Writer Joseph J. Airdo
Photography Courtesy of Arizona Musicfest
[dropcap]C[/dropcap]ountry music artist Wynonna Judd has been delighting audiences for 35 years, beginning with her iconic act with her mother Naomi and continuing through a successful solo career. Now, the five-time Grammy Award winner enters the stage as part of a Valley tradition that aspires to promote the arts.
Judd and her band The Big Noise will perform 7:30 p.m. Nov. 17. The performance is part of Arizona Musicfest’s 2018–19 festival season, which will bring a diverse lineup of musical artists to the North Valley between Nov. 2 and March 15.
Arizona Musicfest Executive and Producing Director Allan Naplan said the event, which is now in its 28th year, aims to provide accessible, affordable and entertaining performances to audiences in the North Valley—an area that might otherwise be underserved due to its absence of a formal performing arts center.
“We have tremendous agility to create a performance experience that is really customizable, both for the artists that we present and also for the audience,” said Naplan, noting the organization makes use of the impressive audio and video technology of the North Valley’s churches and other venues to present unique concert experiences.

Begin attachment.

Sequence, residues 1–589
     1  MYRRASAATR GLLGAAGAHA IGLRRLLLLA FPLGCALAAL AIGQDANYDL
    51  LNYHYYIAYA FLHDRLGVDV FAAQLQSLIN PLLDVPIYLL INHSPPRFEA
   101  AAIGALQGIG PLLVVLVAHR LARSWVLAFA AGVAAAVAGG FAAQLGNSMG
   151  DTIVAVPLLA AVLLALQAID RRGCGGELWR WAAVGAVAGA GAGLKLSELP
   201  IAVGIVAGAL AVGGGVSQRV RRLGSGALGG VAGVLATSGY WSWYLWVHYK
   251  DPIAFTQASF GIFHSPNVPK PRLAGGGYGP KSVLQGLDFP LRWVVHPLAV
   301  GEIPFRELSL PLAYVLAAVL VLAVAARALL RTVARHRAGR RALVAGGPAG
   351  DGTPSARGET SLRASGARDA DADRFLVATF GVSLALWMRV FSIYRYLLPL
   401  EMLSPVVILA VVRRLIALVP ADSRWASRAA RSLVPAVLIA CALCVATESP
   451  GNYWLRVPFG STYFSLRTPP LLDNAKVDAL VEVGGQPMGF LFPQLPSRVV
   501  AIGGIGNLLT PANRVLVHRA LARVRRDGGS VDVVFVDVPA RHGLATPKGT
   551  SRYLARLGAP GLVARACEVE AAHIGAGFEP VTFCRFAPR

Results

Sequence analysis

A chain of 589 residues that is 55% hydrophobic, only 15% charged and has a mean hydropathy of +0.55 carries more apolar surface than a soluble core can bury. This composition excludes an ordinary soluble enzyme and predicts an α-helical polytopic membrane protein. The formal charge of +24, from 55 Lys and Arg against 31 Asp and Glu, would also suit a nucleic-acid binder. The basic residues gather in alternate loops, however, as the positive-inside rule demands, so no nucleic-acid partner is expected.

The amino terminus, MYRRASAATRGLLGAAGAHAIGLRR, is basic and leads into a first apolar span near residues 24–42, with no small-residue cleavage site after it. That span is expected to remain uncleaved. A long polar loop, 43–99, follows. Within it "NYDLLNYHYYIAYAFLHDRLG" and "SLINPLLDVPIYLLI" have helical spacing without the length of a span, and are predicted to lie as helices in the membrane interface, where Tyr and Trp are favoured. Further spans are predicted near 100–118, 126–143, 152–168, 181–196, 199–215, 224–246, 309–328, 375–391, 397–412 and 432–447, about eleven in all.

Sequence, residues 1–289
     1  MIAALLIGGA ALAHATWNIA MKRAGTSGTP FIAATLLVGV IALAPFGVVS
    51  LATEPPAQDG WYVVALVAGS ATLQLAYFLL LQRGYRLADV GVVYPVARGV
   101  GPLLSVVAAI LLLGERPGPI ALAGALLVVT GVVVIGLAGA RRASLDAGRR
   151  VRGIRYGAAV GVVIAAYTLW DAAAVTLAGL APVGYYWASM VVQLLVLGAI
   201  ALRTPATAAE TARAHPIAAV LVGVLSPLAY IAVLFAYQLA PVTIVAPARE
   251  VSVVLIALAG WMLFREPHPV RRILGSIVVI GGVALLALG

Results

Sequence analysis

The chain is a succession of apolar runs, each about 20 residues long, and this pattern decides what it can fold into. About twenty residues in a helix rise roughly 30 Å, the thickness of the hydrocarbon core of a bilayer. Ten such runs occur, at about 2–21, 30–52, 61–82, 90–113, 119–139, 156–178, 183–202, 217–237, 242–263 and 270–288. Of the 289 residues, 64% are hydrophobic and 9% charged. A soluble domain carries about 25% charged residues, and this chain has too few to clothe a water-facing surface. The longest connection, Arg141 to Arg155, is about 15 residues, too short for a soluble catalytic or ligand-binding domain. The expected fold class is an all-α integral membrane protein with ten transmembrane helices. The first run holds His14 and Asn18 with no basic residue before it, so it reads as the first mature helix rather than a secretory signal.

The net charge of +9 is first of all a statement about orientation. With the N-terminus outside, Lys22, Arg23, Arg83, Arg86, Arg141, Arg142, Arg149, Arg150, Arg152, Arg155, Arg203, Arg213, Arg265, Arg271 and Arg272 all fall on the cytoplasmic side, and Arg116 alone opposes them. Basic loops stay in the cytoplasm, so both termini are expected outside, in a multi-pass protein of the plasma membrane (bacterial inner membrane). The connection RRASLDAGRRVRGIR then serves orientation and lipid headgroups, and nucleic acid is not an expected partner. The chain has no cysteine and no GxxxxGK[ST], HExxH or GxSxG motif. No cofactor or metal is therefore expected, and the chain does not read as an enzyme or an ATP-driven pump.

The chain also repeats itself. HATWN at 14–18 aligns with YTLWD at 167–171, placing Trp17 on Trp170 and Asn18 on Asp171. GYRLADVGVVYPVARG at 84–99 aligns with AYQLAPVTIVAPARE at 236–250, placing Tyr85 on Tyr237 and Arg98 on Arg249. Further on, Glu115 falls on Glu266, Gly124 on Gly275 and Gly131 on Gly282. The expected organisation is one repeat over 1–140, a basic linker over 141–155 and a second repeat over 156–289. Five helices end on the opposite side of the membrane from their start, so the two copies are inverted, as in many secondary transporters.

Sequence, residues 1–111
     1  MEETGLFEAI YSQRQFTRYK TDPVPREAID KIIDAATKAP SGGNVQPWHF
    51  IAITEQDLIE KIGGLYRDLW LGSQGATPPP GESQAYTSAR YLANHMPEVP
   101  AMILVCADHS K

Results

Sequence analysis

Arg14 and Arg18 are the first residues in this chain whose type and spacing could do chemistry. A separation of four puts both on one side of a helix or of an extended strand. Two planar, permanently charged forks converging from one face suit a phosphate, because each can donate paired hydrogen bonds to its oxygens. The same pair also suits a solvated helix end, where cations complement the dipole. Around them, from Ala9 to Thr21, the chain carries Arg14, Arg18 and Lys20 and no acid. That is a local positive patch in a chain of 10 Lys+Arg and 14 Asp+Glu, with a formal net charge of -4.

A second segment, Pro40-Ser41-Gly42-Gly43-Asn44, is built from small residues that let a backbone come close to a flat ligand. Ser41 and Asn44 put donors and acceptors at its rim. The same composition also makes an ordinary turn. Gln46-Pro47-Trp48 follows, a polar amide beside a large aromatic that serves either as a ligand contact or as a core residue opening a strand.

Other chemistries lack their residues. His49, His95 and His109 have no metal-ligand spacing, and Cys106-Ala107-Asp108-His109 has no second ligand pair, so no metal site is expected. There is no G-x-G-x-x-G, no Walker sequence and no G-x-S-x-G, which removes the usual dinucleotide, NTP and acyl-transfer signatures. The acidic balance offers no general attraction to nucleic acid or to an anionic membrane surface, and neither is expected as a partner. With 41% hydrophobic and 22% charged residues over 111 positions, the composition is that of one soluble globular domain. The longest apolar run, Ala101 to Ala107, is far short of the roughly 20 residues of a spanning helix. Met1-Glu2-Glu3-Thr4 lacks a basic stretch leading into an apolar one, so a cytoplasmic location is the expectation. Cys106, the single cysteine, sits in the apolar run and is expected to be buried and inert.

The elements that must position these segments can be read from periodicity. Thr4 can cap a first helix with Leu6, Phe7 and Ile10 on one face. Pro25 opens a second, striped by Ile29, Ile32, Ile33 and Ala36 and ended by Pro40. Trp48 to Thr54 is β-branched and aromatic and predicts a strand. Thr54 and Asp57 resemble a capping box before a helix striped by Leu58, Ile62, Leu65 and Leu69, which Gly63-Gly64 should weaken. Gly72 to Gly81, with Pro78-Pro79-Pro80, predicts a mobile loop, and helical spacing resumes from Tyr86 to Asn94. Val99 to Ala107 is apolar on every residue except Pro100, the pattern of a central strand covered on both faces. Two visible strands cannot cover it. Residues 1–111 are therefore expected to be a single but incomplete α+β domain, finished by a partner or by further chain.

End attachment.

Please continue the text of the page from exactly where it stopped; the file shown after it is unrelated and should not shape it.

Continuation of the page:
Judd is the headliner of Arizona Musicfest’s fall lineup, which includes four other performances throughout the month of November. She is the fourth country artist to appear as part of the event over the years, following Rosanne Cash, Mary Chapin Carpenter and Lee Ann Womack.
“We love having an artist of this caliber on the Arizona Musicfest stage,” said Naplan, noting Judd’s sound with The Big Noise mixes country with a little blues and rock. “Wynonna is a country artist who has gone so far beyond the country realm in becoming attractive to a much broader audience. We’re excited to bring her to Arizona Musicfest.”
Over the years, the festival has presented a number of top artists in a wide array of musical genres. Recent guests include Chris Botti and The Manhattan Transfer, while Big Bad Voodoo Daddy and Neil Sedaka are scheduled to appear later this season. The executive and producing director believes such artists are attracted to Arizona Musicfest because of the Valley’s especially enthusiastic crowds.